Charlotte Talks Public Conversation: 'Growing Pains' In Lake Norman Area Towns

Apr 22, 2019

Monday, April 22, 2019

A WFAE Public Conversation about the explosive growth of the Lake Norman area.  We hear from leaders from Huntersville, Davidson and Cornelius who are in the trenches trying to get a handle on ever-present construction, congestion, never-ending development and planning for a future in which these three towns struggle to maintain their individual identities while strengthening the region.

From left: Mike Collins, David Boraks, Bill Russell, Jack Simoneau, Andrew Grant, Rusty Knox, Scott Cole, Bill Coxe

The northern part of Mecklenburg County many people call “the Lake Norman Area” consists of three towns- Huntersville, Cornelius and Davidson. It has experienced exponential growth in recent decades.

The Lake Norman region has gone from 10,000 residents to more than 100,000 since 1990. And with that growth comes challenges.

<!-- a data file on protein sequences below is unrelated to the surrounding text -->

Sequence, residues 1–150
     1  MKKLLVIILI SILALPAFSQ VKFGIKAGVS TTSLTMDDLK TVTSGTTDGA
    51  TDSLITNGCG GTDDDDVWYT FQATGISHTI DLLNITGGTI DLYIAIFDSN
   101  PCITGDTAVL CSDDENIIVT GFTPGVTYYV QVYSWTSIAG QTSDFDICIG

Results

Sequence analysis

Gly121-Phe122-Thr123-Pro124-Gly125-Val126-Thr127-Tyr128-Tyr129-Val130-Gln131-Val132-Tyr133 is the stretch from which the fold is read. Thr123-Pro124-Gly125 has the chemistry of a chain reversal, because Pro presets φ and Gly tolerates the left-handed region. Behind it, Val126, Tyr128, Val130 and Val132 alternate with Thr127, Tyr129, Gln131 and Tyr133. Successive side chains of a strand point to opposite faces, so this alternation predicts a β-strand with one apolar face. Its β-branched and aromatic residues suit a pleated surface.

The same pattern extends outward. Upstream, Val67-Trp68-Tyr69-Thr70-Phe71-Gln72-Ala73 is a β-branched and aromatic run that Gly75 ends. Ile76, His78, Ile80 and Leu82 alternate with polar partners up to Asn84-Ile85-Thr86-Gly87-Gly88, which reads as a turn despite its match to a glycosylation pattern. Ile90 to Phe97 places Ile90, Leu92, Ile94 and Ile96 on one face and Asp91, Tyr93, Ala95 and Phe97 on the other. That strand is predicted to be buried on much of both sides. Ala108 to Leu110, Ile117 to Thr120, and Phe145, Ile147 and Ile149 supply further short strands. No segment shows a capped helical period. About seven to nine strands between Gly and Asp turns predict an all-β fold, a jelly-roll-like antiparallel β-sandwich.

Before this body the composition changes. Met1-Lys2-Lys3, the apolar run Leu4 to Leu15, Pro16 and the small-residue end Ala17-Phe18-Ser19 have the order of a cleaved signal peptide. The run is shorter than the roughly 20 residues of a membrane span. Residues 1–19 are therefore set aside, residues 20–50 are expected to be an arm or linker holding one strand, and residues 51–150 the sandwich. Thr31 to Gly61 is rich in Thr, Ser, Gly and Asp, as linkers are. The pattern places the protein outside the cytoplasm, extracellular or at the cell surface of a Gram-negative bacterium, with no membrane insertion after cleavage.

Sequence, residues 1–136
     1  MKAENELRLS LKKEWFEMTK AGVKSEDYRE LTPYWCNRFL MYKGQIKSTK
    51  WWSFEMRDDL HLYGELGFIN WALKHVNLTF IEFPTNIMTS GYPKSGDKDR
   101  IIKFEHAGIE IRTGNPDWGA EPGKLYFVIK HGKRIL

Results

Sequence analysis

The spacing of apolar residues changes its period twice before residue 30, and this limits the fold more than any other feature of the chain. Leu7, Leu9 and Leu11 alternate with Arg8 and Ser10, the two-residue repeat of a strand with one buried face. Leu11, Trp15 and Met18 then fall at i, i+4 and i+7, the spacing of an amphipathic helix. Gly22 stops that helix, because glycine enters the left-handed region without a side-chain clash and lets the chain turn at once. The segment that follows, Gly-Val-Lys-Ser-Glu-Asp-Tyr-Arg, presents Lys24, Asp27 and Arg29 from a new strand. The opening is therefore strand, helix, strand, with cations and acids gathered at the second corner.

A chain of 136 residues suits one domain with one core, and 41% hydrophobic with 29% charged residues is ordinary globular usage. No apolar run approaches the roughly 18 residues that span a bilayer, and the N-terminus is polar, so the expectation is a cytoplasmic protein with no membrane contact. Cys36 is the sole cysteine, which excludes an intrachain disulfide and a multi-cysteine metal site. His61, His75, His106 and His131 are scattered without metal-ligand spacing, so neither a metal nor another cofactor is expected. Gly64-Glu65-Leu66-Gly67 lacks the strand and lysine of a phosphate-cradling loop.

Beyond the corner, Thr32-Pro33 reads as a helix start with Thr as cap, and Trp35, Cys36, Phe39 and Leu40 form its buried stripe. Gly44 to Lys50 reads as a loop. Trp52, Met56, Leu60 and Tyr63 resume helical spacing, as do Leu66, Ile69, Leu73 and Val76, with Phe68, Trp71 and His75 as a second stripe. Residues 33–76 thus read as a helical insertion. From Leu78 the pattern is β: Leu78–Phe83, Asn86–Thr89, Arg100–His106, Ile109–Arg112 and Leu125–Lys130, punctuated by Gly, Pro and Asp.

Traffic congestion has increased, both on area roads and on I-77, which cuts through all three towns. Toll lanes will open soon on the interstate. Construction is ever-present. 

Residents want better schools, services, and amenities.

And while the region grows, the towns are trying to maintain an individuality of their own.

Host Mike Collins and a panel of experts from Huntersville, Cornelius and Davidson talk about growth, development, transportation and planning for the future of the Lake Norman Region in a special Public Conversation from CPCC's Merancas Campus in Huntersville.

This program was recorded in front of a live audience on April 18, 2019.

Listen to audience Q&A after the live broadcast:

GUESTS:

David Boraks, WFAE reporter and longtime expert on Lake Norman Area

Bill Coxe, transportation planning director for Huntersville

Bill Russell, president of Lake Norman Chamber of Commerce

Scott Cole, NCDOT

Andrew Grant, town manager the Town of Cornelius

Jack Simoneau, Huntersville Planning Director

Rusty Knox, mayor of Davidson

[Discussion Highlights: Town, Transportation Officials Discuss N. Mecklenburg Growing Pains]